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Papers of the Peabody Museum of American Archaeology and Ethnology, Harvard University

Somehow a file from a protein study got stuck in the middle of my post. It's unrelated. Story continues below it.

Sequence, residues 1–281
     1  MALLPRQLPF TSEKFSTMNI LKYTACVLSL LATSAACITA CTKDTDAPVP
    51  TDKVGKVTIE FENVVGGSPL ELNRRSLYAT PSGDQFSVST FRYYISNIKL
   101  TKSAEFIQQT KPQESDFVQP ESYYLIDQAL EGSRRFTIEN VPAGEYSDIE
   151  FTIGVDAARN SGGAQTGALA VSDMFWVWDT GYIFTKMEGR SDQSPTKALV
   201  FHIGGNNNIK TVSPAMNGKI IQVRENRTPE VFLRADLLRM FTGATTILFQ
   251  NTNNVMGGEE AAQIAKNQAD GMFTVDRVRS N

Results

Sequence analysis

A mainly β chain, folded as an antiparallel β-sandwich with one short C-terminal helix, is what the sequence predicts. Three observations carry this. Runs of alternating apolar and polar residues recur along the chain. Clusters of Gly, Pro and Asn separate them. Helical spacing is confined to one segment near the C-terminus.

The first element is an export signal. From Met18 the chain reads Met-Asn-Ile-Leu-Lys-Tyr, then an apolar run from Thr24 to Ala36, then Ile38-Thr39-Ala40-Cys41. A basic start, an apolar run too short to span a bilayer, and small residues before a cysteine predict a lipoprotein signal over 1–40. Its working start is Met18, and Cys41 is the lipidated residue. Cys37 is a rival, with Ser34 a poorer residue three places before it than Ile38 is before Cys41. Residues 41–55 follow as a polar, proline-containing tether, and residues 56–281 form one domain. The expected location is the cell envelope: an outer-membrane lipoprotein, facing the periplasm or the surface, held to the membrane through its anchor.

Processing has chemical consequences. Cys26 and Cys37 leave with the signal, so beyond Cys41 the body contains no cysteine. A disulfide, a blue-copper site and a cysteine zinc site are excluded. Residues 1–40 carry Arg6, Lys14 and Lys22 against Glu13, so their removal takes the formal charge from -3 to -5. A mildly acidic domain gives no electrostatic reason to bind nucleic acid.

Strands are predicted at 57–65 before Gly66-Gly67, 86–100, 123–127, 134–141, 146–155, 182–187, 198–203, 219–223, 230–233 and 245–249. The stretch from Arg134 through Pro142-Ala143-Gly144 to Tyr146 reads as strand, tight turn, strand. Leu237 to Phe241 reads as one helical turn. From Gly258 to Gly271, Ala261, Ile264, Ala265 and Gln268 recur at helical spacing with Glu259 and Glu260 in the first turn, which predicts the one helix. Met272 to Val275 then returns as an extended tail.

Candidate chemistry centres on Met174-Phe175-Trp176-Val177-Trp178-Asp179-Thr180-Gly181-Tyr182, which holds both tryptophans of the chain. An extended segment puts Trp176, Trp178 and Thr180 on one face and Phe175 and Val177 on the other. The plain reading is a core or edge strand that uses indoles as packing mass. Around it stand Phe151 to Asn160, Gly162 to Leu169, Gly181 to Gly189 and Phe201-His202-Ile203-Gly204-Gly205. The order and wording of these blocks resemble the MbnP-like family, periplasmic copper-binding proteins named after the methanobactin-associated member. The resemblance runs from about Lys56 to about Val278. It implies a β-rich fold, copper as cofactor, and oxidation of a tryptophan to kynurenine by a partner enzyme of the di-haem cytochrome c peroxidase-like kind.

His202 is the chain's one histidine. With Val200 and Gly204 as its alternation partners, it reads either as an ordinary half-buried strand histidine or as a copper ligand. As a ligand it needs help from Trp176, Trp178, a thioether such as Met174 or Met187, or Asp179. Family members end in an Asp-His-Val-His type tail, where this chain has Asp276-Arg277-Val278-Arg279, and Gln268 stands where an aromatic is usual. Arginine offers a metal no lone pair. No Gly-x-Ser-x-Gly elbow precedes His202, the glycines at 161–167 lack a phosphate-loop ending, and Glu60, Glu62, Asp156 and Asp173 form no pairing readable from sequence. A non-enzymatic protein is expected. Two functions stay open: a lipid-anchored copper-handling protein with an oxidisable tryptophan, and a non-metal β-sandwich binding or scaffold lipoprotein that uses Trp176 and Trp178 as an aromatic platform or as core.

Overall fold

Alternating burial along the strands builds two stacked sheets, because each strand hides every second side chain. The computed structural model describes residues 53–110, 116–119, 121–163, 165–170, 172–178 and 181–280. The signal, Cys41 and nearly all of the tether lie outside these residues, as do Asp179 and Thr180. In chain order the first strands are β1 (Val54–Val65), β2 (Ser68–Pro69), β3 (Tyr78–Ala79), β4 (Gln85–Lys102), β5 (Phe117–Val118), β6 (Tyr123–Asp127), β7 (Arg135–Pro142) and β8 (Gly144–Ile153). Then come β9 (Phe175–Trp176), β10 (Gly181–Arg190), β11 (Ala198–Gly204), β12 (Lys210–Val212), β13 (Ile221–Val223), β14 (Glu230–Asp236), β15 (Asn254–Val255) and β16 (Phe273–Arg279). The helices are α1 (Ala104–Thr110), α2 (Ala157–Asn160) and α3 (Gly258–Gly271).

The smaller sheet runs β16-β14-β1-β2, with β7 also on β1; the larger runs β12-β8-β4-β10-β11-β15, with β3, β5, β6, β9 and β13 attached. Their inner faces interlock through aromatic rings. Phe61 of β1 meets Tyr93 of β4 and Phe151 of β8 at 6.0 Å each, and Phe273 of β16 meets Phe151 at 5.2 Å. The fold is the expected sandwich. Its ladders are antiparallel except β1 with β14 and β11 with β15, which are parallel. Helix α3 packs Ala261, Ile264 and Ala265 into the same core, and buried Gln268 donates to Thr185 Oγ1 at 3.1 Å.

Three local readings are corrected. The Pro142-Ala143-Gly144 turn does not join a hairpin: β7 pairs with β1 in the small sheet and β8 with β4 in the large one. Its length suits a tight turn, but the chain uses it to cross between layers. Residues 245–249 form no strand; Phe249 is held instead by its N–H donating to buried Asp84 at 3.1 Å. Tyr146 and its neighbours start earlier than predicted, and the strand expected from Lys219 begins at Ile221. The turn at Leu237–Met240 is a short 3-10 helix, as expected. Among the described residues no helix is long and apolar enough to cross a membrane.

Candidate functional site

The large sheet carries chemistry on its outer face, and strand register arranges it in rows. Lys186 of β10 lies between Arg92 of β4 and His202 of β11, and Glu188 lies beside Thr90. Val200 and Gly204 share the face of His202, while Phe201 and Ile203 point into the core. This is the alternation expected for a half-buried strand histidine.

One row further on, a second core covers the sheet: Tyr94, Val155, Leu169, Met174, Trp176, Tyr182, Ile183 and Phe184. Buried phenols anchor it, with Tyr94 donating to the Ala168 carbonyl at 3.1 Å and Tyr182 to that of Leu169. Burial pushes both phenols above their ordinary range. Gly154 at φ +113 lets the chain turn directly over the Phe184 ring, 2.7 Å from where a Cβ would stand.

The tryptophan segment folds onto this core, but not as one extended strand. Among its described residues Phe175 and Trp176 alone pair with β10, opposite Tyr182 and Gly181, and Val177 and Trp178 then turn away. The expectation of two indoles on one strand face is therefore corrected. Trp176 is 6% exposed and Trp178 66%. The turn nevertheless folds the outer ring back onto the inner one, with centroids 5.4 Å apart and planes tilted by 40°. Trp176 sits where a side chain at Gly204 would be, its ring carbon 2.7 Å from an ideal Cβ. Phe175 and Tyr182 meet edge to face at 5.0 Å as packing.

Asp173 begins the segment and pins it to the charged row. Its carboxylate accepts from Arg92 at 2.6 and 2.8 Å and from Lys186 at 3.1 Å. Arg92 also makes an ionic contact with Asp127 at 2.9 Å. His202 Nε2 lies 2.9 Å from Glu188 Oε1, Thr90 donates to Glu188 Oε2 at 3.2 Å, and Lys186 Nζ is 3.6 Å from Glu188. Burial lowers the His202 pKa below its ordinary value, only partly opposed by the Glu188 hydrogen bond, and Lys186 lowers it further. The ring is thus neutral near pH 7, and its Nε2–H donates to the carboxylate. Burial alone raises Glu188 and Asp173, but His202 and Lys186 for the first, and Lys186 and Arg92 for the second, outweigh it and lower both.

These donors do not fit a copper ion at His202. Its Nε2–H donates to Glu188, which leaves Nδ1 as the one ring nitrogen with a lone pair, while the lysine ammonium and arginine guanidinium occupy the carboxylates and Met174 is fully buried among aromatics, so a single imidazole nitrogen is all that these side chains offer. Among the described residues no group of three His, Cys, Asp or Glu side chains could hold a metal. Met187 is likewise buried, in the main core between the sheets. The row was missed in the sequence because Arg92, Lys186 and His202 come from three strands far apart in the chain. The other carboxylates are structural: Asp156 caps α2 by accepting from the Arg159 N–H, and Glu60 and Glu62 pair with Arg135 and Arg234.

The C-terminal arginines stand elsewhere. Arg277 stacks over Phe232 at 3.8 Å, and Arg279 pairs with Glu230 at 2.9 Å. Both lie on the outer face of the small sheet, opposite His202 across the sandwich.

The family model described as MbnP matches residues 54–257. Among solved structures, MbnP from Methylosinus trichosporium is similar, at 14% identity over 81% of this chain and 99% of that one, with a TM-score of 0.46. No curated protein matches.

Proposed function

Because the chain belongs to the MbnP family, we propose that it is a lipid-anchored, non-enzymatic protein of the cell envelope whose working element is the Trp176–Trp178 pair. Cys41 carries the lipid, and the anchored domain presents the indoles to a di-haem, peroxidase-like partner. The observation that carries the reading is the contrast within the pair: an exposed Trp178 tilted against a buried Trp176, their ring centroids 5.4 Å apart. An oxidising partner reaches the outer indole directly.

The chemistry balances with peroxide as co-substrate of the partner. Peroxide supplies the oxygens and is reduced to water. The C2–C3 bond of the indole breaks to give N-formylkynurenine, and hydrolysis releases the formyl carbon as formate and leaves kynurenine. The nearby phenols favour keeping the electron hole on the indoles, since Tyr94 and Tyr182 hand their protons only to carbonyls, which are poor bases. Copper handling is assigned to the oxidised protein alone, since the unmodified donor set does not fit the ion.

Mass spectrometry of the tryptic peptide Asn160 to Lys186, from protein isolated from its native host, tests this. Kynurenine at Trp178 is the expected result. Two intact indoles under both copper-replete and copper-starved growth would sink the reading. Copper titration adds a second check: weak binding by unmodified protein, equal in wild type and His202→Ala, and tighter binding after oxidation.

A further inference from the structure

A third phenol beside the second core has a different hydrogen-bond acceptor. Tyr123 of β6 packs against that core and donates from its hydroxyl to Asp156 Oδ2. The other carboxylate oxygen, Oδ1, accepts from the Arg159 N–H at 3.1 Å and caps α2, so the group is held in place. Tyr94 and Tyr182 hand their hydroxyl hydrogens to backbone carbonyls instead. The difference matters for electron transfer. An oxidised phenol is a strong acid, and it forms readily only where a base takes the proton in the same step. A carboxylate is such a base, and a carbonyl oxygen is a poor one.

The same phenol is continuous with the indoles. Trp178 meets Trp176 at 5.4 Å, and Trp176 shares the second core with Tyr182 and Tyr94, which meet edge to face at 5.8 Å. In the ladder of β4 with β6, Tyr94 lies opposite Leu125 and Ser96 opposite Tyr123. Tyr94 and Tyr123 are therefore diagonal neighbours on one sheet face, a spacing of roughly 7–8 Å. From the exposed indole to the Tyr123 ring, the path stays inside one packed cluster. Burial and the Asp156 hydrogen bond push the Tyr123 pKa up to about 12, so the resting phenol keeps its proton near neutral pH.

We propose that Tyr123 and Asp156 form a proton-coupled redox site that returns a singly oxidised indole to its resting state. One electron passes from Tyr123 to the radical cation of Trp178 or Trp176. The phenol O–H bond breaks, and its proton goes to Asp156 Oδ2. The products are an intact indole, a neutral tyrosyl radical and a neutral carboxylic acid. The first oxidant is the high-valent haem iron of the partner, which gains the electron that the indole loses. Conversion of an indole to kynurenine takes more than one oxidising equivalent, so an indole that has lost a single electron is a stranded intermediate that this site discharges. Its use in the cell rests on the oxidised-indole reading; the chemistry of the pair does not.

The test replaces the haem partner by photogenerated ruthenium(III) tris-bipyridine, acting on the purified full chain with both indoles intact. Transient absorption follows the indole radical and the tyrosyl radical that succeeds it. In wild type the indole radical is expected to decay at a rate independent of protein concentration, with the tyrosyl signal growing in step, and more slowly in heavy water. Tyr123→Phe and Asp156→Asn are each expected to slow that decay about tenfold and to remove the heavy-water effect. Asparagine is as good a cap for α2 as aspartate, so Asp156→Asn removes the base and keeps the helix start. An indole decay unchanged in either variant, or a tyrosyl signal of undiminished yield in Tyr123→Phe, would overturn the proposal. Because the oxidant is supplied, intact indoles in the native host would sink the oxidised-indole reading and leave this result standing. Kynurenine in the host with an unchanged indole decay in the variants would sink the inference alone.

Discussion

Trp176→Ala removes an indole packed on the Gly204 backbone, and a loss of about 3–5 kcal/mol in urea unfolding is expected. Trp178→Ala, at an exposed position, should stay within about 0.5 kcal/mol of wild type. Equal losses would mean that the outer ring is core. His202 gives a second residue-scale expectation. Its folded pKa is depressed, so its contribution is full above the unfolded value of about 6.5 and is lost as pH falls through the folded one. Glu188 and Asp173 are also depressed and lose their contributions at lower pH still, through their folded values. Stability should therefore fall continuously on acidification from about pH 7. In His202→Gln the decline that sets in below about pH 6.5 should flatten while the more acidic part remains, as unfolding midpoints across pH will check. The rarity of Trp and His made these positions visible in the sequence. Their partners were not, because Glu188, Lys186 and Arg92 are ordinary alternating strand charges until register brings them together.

In the summer of 1914 the Peabody Museum of Harvard University sent an expedition to northeastern Arizona under the joint leadership of the present authors for the purpose of studying the relations between the cliff-houses of that district and those of the north side of the San Juan River. In the course of this trip, evidence was found of the presence of the Basket-maker culture. This culture had hitherto only been reported from a single rather restricted area in southeastern Utah. Furthermore, no Basket-maker remains had ever been taken out by trained investigators; so that the claims, put forward by the commercial collectors who discovered and named the culture, that it was a distinct one, antedating that of the Cliff-dwellers, had been received by archaeologists with more or less incredulity. We felt, therefore, that the opportunity for studying these little known remains in a region untouched by earlier diggers, was one which should not be neglected; all our subsequent work has accordingly been directed toward the finding and excavation of Basket-maker sites.<br><br>In 1915 the junior author regretfully gave up field work in this region to undertake other excavations, and the expeditions of that and the following years were conducted by Mr. Guernsey. The results of 1914 and 1915 have already been published, the present report deals with the explorations of 1916 and 1917; at the close of the latter season field work was temporarily discontinued because of the war. In each year the expeditions were carried on under permits granted by the Secretary of the Interior.